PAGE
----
The Chosen One trope is most definitely the oldest trope in fantasy fiction. I’m making this up, but I’m pretty sure Frodo was chosen to be the destroyer of the one ring and a young Arthur was considered the next King of England. The idea that someone is destined to do something big is something that doesn’t really exist in real life, but it most definitely exists in fantasy books.
I’m a huge fan of the chosen one trope mostly because they take ordinary people and turn them extraordinary. Perhaps it was my steady diet of Sailor Moon and Naruto that the idea bounces around in my head hoping one day that I would be chosen. Maybe it’s because it makes someone feel special to have such a destiny set out for them.
But from reading fantasy fiction, I definitely know that being the chosen one isn’t all that great. Not only do you have an intense battle to fight at the end of the story, but your journey there isn’t all too fun filled with lost friendships, lost fights, betrayal, and even some internal struggle with maybe not being the right choice for the task at hand. It humanizes its characters and their hesitancy to fight is one of the most human traits I could think of. Who wants a destiny that they didn’t even choose!
So I put together a list of some of my favorite chosen one stories. Granted, the list is massive when you think about it but these in particular always stand out to me.
In the holy city of Tova, the winter solstice is usually a time for celebration and renewal, but this year it coincides with a solar eclipse, a rare celestial event proscribed by the Sun Priest as an unbalancing of the world.
Meanwhile, a ship launches from a distant city bound for Tova and set to arrive on the solstice. The captain of the ship, Xiala, is a disgraced Teek whose song can calm the waters around her as easily as it can warp a man’s mind. Her ship carries one passenger. Described as harmless, the passenger, Serapio, is a young man, blind, scarred, and cloaked in destiny. As Xiala well knows, when a man is described as harmless, he usually ends up being a villain.
The Omehi people have been fighting an unwinnable fight for almost two hundred years. Their society has been built around war and only war. The lucky ones are born gifted. One in every two thousand women has the power to call down dragons. One in every hundred men is able to magically transform himself into a bigger, stronger, faster killing machine.
Everyone else is fodder, destined to fight and die in the endless war. Young, gift-less Tau knows all this, but he has a plan of escape. He’s going to get himself injured, get out early, and settle down to marriage, children, and land. Only, he doesn’t get the chance. Those closest to him are brutally murdered, and his grief swiftly turns to anger. Fixated on revenge, Tau dedicates himself to an unthinkable path. He’ll become the greatest swordsman to ever live, a man willing to die a hundred thousand times for the chance to kill the three who betrayed him.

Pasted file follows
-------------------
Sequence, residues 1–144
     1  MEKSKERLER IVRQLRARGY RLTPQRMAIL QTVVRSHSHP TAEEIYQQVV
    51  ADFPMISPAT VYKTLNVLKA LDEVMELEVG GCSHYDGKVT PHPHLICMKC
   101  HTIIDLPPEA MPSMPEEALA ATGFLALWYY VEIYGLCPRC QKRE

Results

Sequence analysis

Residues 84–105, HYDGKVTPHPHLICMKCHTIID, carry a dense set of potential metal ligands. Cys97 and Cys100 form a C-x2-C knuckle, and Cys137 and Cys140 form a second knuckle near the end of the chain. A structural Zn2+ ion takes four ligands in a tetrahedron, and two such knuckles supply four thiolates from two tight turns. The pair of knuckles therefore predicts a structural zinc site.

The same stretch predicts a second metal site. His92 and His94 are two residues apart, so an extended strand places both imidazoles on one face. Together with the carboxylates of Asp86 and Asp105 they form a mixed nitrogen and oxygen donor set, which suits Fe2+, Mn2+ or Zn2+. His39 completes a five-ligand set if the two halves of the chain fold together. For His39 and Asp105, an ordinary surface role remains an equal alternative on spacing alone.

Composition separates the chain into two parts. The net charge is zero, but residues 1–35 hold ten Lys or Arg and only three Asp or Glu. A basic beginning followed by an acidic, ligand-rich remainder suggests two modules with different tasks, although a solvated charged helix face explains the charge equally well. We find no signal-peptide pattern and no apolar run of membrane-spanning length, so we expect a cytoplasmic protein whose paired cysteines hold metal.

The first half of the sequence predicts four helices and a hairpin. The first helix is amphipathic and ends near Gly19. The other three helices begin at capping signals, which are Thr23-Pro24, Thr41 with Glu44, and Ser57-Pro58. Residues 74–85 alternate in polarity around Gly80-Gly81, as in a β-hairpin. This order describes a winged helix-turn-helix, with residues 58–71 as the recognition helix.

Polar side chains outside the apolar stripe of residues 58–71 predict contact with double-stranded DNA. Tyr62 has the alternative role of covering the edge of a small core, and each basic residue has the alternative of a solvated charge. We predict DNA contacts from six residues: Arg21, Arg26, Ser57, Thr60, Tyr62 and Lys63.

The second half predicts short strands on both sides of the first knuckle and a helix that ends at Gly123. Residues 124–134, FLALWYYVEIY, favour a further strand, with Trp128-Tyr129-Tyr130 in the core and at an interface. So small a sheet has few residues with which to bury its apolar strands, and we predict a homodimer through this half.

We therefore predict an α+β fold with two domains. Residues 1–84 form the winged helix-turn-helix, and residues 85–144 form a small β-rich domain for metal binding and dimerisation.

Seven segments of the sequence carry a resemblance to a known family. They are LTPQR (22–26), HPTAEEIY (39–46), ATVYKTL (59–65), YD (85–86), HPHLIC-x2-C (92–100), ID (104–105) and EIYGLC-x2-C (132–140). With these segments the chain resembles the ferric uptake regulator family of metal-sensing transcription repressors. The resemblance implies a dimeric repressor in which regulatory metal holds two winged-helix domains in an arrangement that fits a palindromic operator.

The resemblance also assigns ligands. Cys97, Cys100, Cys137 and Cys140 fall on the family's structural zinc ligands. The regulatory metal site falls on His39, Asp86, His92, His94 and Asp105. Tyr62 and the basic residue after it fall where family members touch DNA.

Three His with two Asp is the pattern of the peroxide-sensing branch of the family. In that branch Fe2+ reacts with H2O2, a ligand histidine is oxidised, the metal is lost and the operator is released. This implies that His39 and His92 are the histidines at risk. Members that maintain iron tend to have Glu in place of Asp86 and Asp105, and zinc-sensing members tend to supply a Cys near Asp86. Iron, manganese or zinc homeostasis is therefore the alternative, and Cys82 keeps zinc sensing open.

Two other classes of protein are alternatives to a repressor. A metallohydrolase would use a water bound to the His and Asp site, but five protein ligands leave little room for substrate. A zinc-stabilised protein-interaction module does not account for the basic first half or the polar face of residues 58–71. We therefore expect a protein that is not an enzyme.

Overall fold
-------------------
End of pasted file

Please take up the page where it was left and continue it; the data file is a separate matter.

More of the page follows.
In a faraway land where members of the royal family are named for the virtues they embody, one young boy will become a walking enigma.
Born on the wrong side of the sheets, Fitz, son of Chivalry Farseer, is a royal bastard, cast out into the world, friendless and lonely. Only his magical link with animals – the old art known as the Wit – gives him solace and companionship. But the Wit, if used too often, is a perilous magic, and one abhorred by the nobility.
So when Fitz is finally adopted into the royal household, he must give up his old ways and embrace a new life of weaponry, scribing, courtly manners; and how to kill a man secretly, as he trains to become a royal assassin.
The emperor’s reign has lasted for decades, his mastery of bone shard magic powering the animal-like constructs that maintain law and order. But now his rule is failing, and revolution is sweeping across the Empire’s many islands.
Lin is the emperor’s daughter and spends her days trapped in a palace of locked doors and dark secrets. When her father refuses to recognise her as heir to the throne, she vows to prove her worth by mastering the forbidden art of bone shard magic.
Yet such power carries a great cost, and when the revolution reaches the gates of the palace, Lin must decide how far she is willing to go to claim her birthright – and save her people.
Fifteen-year-old Sloane can incinerate an enemy at will—she is a Scion, a descendant of the ancient Orisha gods.
Under the Lucis’ brutal rule, her identity means her death if her powers are discovered. But when she is forcibly conscripted into the Lucis army on her fifteenth birthday, Sloane sees a new opportunity: to overcome the bloody challenges of Lucis training, and destroy them from within.
Sloane rises through the ranks and gains strength but, in doing so, risks something greater: losing herself entirely, and becoming the very monster that she abhors.